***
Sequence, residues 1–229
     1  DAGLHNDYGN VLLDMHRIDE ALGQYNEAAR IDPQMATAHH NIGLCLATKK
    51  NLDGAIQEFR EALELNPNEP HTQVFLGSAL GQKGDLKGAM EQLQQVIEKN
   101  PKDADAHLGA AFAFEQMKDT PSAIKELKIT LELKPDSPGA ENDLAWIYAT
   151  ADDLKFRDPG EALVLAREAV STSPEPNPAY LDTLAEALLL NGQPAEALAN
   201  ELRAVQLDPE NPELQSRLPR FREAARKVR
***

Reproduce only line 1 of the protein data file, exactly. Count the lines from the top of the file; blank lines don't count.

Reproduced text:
Sequence, residues 1–229